The venue is named for the arena's original majority owner, Nationwide Mutual Insurance Company, whose world headquarters are located across the street. On March 30, 2012, arena owners Nationwide Insurance and the Dispatch Publishing Group sold the facility to the Franklin County Convention Facilities Authority (FCCFA). As part of the sale, Nationwide agreed to lend the FCCFA $43.3 million to finance the arena's purchase which will be paid back by 2039 with casino tax revenue collected by both the City of Columbus and Franklin County. In addition, the Ohio Department of Development agreed to a 10-year, $10 million loan to the FCCFA to assist with the facilities purchase. If the Blue Jackets meet annual roster payroll requirement, $500,000 of this loan per year will be forgiven. Nationwide Insurance will also pay the Blue Jackets $28 million to retain the arena's naming rights until 2022 as well as $58 million to purchase 30% ownership stake in the franchise. The Blue Jackets, in turn, agreed to remain in the city until 2039 or pay $36 million in damages. [5]


While the Blue Jackets held sole operational control of the arena from 2000 to 2012, the team contracted day-to-day operations and event booking to venue management corporation SMG from the arena's opening until June 30, 2010. On May 12, 2010, the Blue Jackets announced that SMG would not be retained as arena managers and further announced that a one-year, annually renewable, management contract had been signed with Ohio State University. [6] The contract called for the university to take over both day to day arena operations as well as booking non-athletic events, with the Blue Jackets booking athletic events and maintaining overall control of the arena. [7] This arrangement made Nationwide Arena a sister venue to OSU's on-campus arena, Value City Arena. The university started booking acts in May 2010 and assumed day to day control of the arena on July 1, 2010. [6] As part of the 2012 sale of Nationwide Arena, the Blue Jackets and OSU joined with Nationwide Insurance and the FCCFA to form Columbus Arena Management (CAM). Columbus Arena Management currently operates both Nationwide Arena and Value City Arena and oversees budgeting and event booking at both arenas. [5]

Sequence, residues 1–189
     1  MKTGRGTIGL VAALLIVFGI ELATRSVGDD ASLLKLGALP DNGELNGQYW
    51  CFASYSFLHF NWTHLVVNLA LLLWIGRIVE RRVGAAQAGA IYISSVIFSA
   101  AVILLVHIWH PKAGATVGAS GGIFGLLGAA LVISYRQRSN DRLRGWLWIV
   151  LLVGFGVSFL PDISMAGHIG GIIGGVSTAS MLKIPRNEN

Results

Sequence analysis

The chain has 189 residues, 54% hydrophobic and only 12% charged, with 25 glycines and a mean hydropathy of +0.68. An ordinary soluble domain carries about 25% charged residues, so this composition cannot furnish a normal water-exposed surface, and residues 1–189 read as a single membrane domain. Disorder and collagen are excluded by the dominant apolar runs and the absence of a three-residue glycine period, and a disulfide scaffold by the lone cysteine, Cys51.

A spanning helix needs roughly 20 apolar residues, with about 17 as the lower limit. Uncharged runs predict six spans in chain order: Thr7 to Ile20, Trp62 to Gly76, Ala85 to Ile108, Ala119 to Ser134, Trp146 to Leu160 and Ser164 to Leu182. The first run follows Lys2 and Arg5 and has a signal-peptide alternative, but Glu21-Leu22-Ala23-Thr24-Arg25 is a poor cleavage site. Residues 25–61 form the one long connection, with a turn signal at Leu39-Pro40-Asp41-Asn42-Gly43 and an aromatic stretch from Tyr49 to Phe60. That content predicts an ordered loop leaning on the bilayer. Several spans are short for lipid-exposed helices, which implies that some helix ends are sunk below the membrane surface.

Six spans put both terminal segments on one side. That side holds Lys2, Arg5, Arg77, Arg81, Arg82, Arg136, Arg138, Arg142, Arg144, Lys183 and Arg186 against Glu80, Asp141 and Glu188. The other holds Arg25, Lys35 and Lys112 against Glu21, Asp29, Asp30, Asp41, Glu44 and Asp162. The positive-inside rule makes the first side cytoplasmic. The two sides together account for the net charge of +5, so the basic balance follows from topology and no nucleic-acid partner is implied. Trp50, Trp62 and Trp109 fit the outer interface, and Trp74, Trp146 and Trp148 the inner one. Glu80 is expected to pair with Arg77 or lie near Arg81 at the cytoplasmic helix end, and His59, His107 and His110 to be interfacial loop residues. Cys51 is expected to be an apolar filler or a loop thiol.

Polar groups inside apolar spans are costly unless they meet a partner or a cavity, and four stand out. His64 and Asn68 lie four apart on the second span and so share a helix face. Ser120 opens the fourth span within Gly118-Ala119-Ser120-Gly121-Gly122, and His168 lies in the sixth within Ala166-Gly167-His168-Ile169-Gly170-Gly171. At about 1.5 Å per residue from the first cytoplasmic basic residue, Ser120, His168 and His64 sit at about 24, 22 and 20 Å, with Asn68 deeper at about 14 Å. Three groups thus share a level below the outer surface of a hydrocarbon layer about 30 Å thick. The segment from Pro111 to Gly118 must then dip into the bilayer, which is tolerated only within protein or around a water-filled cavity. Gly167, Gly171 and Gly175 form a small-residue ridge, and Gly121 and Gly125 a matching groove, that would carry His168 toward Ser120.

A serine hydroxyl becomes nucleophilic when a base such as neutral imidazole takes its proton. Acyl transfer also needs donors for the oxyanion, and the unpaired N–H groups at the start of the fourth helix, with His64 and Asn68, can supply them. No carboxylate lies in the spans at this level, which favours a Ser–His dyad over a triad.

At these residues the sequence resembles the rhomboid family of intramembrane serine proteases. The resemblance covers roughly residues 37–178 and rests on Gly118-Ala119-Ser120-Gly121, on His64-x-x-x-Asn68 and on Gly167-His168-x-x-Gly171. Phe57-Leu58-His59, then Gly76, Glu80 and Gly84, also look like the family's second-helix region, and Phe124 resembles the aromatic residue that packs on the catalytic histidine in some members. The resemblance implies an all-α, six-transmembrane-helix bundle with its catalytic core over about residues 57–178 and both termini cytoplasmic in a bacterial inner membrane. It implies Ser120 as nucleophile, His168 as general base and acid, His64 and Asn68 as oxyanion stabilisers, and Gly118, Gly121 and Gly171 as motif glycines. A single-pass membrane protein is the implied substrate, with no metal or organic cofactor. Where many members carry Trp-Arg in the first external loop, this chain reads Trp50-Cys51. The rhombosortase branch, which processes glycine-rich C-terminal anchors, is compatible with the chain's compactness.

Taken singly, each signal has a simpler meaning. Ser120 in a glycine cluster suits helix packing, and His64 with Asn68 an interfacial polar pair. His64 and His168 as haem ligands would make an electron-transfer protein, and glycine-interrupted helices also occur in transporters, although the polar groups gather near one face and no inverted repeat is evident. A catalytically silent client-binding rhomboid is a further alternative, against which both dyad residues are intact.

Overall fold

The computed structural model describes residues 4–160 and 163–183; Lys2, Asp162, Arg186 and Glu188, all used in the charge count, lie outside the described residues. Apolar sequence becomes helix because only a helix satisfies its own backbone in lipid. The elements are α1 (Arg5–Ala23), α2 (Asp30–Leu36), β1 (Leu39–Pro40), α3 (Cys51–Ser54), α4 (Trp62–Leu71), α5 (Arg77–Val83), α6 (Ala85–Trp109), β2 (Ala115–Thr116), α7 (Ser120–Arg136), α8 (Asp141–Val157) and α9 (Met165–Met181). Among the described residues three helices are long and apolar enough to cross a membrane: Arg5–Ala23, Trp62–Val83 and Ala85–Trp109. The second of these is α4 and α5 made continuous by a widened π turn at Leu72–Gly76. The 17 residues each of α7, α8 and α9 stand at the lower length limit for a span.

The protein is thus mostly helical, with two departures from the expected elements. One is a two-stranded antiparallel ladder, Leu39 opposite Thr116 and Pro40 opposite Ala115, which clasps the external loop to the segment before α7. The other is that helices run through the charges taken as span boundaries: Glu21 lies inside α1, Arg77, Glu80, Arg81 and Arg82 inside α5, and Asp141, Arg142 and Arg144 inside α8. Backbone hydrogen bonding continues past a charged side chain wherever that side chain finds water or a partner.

The arena is of a brick design and serves as the center of an entertainment district located about one-half of a mile north of the Ohio Statehouse. Seating capacity is approximately 18,500 [8] for hockey, 17,171 for arena football, 19,500 for basketball, and up to 21,000 for concerts. The death of Brittanie Cecil from injuries sustained from a hockey puck flying into the stands at a Blue Jackets game on March 16, 2002 led to the installation of nylon netting to catch pucks that fly over the acrylic glass at all professional ice hockey arenas in the NHL, AHL, IIHF, and ECHL.